Four bands of strong, symbolic colours make up the Mauritian flag. Red, Blue, Yellow and Green in recognition of independence, pristine waters, and islands that illustrate the paradise nation. The Indian Ocean’s waters, represented by the Blue of the flag, have, however, recently been blotted with a pool of seething, blackening oil. The turquoise colours of the seas being blended into swirling greys sap out the colours from vibrant, thriving wildlife.
Tourism and Fishing Industries that keep the country afloat have been plunged into jeopardy. And in protest of the government’s perceived inaction, the national flags are being brandished in the capital, Port Louis, and fishing villages, by angered Mauritians following the disastrous oil spill of the MV Wakashio, since it hit coral reefs on the 25th of July.
Dead dolphins and whales and an attack on Mauritius’, and the world’s, sensitive and protected biodiverse areas ensued. This is not just a grave ecological disaster catching humanity red-handed; it is a timely reminder that our dependence on oil is consequential beyond greenhouse gases and the need to change this is imperative.
It is true that the number of spills and quantity of oil spilt from tankers has been much on the decline going forward from the 20th century into the 21st. Though it should be emphasised that oil spills are not as few and far between as front page, international news may suggest.
The oil is no less than a poison to areas where conservation has been occurring for decades
Perhaps the most infamous and memorable have been the most catastrophic for people and the planet. Deepwater Horizon in 2010, and the Gulf War Oil Spills in 1991, are the two largest, and most damming, examples of accidental and non-accidental spills, respectively. The Mauritius Oil Spill was a small fraction of these disasters; at an estimated 1,000 tonnes, it is several magnitudes lower.
While MV Wakashio ran aground coral reefs in July, its fuel oil began leaking in August. Much of the cargo oil and lubricants were removed by salvage experts reducing the spillage by around 3,000 tonnes. This seems like a mild success. However, the location of the incident is the reason for such outcry.
Fuels from the disastrous wreckage leeched into Ile aux Aigrettes nature reserve and Blue Bay Marine Park, a coastal wetland. Both areas are outstanding biodiversity hotspots for marine life, including endangered green turtles. The oil is no less than a poison to areas where conservation has been occurring for decades.
Spoiled beaches and at least 40 dead dolphins and 47 dead whales washing up, directly affects Mauritians already hit by the coronavirus pandemic
This is not just about a loss of at-risk species, but also loss of entire naturally woven ecosystems; mangrove trees crowded along coastlines, anchored by their intertwined roots are an anchor to the life that exists. To the birds that nest in these trees above and the fish that make nurseries of the roots below, and to the crabs and the molluscs and the corals this seemingly small oil spill is actually of a deadly, gargantuan proportion.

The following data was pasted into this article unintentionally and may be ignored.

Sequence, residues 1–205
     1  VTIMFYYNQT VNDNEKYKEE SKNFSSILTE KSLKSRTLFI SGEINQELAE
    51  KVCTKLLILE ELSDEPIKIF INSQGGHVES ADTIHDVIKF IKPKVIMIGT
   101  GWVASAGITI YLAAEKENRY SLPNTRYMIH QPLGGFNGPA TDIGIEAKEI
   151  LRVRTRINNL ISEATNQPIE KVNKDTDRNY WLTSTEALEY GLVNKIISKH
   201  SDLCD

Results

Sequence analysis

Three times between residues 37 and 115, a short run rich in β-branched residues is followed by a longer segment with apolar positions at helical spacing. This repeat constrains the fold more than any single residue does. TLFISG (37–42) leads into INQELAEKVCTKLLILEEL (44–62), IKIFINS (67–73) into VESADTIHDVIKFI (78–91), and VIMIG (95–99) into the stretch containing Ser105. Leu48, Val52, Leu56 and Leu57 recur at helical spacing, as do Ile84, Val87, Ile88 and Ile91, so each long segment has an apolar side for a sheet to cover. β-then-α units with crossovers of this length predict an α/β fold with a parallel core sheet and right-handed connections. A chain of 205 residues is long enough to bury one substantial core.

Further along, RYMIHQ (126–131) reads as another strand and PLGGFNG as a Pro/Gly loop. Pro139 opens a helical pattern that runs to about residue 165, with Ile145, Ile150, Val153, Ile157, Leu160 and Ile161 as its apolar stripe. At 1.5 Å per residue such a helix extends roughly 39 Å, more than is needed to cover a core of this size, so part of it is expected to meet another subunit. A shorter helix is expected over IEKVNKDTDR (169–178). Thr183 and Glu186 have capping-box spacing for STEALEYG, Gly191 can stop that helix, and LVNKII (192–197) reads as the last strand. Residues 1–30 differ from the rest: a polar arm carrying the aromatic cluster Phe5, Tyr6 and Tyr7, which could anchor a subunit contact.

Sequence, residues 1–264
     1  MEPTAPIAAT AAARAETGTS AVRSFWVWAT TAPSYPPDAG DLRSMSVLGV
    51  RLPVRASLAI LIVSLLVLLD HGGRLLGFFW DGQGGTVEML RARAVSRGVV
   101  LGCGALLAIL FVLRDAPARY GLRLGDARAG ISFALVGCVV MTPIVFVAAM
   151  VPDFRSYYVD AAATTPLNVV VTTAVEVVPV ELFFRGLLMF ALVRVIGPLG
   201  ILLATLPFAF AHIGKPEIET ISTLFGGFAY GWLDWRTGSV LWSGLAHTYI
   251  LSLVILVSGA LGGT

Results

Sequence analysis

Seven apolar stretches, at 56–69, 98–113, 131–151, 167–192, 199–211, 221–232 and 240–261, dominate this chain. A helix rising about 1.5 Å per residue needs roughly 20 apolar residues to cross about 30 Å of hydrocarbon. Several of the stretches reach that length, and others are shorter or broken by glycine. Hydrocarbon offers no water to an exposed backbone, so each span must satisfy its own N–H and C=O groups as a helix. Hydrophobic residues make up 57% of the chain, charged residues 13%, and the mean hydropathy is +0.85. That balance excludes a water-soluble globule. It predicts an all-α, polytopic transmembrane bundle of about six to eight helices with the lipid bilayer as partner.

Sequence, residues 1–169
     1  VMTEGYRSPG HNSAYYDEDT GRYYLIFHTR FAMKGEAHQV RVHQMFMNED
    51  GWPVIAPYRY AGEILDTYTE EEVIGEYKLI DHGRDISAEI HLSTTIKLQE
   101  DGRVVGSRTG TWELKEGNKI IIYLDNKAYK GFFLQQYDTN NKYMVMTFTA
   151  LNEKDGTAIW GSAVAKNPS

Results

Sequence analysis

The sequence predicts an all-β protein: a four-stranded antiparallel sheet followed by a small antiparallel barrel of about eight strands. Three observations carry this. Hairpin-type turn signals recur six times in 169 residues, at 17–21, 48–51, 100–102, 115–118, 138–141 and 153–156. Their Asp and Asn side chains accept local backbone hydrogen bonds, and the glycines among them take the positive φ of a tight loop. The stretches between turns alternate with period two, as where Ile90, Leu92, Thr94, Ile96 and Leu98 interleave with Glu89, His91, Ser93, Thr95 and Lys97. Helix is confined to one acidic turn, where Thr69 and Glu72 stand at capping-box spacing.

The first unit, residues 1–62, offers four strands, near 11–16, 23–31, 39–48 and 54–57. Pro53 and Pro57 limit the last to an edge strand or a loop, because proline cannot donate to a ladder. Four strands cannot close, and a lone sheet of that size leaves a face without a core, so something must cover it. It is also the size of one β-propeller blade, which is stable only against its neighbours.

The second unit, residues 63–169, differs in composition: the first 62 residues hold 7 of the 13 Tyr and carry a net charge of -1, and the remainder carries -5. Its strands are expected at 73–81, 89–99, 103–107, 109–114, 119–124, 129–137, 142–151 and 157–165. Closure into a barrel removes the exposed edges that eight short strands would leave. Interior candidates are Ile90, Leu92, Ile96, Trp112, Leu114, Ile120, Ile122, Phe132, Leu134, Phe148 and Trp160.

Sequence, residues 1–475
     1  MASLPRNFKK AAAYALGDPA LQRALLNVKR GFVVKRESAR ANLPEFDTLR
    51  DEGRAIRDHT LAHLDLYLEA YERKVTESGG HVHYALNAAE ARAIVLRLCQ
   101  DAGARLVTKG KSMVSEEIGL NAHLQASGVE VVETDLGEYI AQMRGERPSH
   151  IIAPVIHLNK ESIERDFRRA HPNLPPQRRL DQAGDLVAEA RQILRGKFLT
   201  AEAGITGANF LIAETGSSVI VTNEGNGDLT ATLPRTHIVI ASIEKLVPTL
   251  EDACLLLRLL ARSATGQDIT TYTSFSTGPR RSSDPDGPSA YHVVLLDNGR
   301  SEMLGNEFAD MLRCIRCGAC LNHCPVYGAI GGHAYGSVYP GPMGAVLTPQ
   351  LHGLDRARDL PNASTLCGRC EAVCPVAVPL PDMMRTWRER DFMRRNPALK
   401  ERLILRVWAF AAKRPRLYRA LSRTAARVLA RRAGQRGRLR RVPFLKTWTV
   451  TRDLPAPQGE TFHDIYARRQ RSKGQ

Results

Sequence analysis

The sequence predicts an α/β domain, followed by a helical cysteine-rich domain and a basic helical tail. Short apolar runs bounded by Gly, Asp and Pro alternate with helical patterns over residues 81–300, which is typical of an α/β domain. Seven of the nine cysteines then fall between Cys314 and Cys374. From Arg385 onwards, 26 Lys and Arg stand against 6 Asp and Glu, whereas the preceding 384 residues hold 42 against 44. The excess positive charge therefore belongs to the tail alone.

The beautiful coastlines and richly diverse waters are environmentally important, but also economically. Coastal tourism, fishing and watersports contribute over a tenth of Mauritius’ GDP. Whale and dolphin watching accounts for US$2 billion annually. Therefore, spoiled beaches and at least 40 dead dolphins (which the Mauritian Government has labelled a “sad coincidence”) and 47 dead whales washing up, directly affects Mauritians already hit by the coronavirus pandemic. It is no wonder that protests have occurred, and the Mauritian people have so readily supported the clean-up, following damage done to an integral part of their identities, livelihoods, and pride.
With sugarcane leaf and barbers’-cut-hair filled fabric booms (pictured below), some of the oil’s spread in the seas was contained and absorbed. International response has been forthcoming too. Japan has sent experts for clean-up. France and India had sent equipment and specialist teams, and the UK sent ecology and marine law experts.
This clean-up is in contrast with that of the Exxon Valdez, the oil tanker that struck a reef and spilled 37,000 tonnes of oil across the Gulf of Alaska in 1989. At the time, it was the largest oil spill in US waters and was notorious for large environmental damage of the subarctic climate ecosystem. Following complicated clean-up efforts fishermen there also suffered, going bankrupt after the decimation of Pacific herring populations. 22 killer whales, 3,000 sea otters and billions of salmon eggs were just some of the wildlife causalities included in the death toll. But there were positive outcomes too.
Nature bouncing back takes time, as we have seen during the pandemic
Environmental officials left uncleaned stretches of shoreline to examine the effectiveness of some of the oil spill cleanup methods in use. They found that high-pressure-hot-water use to remove the oil only damaged surviving plants further. Out of this disaster was borne stricter laws in 1990 to reduce spills, and the following decades have demonstrated a reduction in spill numbers.